Partly because of the limitations of the computer equipment and software available to me at the time the thesis was written, and partly because of my inexperience, at the time, in planning such things, looking up a citation is rather complicated. Citations are indicated in the text by a number in curly braces, thus: {17}. This indicates a note in the endnote file that goes with the relevant section of the thesis (neither my word processing software nor my printer could readily handle superscripted numbers). In the notes, the citations are given more or less in Harvard style (e.g., "Neisser (1976)"), and the publication details can then be looked up in the alphabetized bibliography. Unfortunately this means you need to open three PDF files (section of text, endnotes to that section, and bibliography) to check a citation. When an endnote contains substantive material as well as (or instead of) citations, the number in the curly braces in the main text is followed by an asterisk, thus: {8*}.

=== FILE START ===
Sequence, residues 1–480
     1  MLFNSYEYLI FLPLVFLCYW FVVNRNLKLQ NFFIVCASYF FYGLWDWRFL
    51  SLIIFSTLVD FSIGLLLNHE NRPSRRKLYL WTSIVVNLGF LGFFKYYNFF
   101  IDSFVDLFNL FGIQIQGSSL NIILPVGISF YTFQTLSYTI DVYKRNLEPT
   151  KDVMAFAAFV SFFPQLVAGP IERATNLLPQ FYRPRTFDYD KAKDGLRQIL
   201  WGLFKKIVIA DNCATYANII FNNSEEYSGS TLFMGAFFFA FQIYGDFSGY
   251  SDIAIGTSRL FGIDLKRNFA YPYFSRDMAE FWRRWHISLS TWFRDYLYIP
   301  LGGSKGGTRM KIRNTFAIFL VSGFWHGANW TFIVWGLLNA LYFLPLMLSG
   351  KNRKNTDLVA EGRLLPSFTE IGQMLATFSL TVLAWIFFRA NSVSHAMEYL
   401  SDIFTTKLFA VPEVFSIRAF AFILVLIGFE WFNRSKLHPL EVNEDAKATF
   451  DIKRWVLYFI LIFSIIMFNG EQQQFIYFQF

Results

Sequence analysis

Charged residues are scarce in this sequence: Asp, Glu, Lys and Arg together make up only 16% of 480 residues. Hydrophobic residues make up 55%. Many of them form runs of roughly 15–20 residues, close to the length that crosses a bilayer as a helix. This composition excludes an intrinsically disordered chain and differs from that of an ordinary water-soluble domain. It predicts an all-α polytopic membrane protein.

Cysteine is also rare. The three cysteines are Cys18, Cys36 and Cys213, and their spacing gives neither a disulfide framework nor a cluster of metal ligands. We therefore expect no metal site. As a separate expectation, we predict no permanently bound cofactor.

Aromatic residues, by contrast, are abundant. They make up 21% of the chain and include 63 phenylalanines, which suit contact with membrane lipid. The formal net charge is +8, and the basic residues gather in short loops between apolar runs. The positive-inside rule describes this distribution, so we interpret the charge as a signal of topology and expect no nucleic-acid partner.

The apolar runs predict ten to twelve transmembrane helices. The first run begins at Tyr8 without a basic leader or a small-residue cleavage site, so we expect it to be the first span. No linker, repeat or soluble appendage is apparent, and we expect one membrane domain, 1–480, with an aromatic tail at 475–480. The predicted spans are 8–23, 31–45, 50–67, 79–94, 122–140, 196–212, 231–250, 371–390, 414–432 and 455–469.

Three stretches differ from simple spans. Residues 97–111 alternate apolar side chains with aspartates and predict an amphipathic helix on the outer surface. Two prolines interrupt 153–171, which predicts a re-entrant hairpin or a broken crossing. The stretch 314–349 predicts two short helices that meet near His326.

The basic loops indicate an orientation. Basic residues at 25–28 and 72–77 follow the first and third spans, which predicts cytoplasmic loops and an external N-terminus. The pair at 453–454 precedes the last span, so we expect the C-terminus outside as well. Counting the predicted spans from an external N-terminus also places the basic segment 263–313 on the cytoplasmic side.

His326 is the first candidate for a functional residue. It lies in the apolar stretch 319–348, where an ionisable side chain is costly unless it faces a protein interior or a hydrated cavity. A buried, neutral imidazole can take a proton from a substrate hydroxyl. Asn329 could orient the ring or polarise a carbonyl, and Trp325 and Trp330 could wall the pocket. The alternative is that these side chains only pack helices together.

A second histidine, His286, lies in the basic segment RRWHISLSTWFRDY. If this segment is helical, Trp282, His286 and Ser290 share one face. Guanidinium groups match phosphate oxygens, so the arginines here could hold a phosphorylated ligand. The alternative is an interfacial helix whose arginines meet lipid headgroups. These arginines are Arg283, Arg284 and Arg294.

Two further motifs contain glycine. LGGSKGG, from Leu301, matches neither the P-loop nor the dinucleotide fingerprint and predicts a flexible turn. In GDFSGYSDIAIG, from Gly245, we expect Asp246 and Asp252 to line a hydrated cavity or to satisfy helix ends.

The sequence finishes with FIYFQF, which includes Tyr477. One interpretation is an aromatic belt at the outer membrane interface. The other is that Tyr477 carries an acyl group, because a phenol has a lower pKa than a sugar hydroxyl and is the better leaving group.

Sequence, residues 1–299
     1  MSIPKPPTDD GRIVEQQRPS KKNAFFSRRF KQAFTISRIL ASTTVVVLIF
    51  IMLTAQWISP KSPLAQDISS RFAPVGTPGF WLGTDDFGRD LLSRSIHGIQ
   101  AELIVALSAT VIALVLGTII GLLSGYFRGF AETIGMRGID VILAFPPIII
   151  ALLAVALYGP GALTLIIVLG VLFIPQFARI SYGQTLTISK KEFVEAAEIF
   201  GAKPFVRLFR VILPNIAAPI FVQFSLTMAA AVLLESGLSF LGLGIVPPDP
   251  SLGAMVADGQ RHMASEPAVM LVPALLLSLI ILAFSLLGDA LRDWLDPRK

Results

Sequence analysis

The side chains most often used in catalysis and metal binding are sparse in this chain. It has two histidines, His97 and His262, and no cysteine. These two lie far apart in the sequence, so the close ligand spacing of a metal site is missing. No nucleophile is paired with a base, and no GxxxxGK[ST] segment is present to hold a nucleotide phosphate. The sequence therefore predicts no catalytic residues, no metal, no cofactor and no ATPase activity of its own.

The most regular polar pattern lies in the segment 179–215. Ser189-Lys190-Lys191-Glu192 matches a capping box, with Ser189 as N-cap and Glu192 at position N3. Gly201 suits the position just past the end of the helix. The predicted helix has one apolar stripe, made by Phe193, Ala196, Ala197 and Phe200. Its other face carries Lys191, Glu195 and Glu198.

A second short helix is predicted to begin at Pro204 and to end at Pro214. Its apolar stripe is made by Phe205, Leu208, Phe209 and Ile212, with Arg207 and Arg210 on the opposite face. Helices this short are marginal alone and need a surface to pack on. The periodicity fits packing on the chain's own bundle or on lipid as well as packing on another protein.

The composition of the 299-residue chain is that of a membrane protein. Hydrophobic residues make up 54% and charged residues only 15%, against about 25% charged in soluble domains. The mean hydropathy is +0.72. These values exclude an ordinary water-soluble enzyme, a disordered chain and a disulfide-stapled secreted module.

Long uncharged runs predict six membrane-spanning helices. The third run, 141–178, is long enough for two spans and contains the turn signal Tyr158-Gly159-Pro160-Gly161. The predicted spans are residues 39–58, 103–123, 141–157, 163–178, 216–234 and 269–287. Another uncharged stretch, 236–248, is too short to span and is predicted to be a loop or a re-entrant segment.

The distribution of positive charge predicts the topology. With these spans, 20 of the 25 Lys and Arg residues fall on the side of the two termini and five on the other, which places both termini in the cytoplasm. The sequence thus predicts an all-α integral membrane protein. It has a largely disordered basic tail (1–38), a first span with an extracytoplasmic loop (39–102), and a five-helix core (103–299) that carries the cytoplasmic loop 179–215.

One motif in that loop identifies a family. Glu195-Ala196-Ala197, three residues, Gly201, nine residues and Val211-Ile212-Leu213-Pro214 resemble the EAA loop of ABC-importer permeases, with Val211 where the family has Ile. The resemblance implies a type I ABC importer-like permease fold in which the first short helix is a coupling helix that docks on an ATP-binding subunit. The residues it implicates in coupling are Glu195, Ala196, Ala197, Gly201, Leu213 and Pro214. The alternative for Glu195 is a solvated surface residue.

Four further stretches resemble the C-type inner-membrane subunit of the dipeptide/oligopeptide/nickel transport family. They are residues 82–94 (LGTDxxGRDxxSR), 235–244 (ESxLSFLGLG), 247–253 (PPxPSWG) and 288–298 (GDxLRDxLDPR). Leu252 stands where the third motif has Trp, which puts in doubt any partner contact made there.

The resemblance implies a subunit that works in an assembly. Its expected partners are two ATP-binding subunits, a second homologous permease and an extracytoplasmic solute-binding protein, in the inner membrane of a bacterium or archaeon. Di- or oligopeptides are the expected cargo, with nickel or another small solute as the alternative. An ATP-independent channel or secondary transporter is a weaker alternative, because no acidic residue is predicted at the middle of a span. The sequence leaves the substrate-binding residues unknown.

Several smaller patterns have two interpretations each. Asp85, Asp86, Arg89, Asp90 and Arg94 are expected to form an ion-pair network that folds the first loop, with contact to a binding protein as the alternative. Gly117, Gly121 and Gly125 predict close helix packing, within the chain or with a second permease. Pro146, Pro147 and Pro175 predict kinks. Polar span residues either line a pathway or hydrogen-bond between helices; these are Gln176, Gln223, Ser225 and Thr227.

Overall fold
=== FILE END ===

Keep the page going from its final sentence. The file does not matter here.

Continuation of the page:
The early sections of the thesis were created on a BBC Micro Model B with 32 Kilobytes of RAM (of which 10-16K were used as video RAM whilst word processing), and no hard drive (though I did have an external 5¼" floppy drive). When that computer was stolen, it was replaced with a BBC Micro Model B+128, which had a whopping 128 Kilobytes of RAM (but still no hard drive). The thesis was printed on an NLQ ("Near letter quality") Kaga-Taxan dot matrix printer, and I used a program called Fontaid to program the printer with alternative fonts for headings and bold text (italics did not work well with NLQ), and to hand design certain special characters, such as letters with umlauts and other diacritics. (I had to get special permission from the University to submit the thesis printed by an NLQ rather than with a daisywheel printer. Laser printers were hugely expensive in those days, and I do not think inkjets were available at all.) The word processing software was Acorn's View 3, supplied on a ROM chip that you had to install inside the computer. Spellchecking was done with a separate program, ViewSpell, run from a floppy disc. However, View 3 provided no footnoting or endnoting capability, so I wrote my own software, in BBC BASIC, to process the files so as to turn text placed within curly braces in the body of the document into numbered endnotes in a separate file.